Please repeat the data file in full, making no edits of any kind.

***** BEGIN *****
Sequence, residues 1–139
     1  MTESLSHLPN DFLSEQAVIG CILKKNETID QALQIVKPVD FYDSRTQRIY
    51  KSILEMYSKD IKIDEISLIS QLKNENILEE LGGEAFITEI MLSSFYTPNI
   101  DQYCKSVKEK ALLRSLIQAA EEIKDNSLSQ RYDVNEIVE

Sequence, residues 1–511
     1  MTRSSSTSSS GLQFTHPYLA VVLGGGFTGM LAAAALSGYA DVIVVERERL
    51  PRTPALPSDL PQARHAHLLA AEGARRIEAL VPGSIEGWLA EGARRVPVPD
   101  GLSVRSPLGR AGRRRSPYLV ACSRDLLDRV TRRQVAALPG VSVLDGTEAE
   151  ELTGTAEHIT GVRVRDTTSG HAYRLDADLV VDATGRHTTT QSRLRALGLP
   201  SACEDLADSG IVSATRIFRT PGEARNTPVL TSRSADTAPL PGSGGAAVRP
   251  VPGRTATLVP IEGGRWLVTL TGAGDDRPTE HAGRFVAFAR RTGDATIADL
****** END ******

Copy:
Sequence, residues 1–139
     1  MTESLSHLPN DFLSEQAVIG CILKKNETID QALQIVKPVD FYDSRTQRIY
    51  KSILEMYSKD IKIDEISLIS QLKNENILEE LGGEAFITEI MLSSFYTPNI
   101  DQYCKSVKEK ALLRSLIQAA EEIKDNSLSQ RYDVNEIVE

Sequence, residues 1–511
     1  MTRSSSTSSS GLQFTHPYLA VVLGGGFTGM LAAAALSGYA DVIVVERERL
    51  PRTPALPSDL PQARHAHLLA AEGARRIEAL VPGSIEGWLA EGARRVPVPD
   101  GLSVRSPLGR AGRRRSPYLV ACSRDLLDRV TRRQVAALPG VSVLDGTEAE
   151  ELTGTAEHIT GVRVRDTTSG HAYRLDADLV VDATGRHTTT QSRLRALGLP
   201  SACEDLADSG IVSATRIFRT PGEARNTPVL TSRSADTAPL PGSGGAAVRP
   251  VPGRTATLVP IEGGRWLVTL TGAGDDRPTE HAGRFVAFAR RTGDATIADL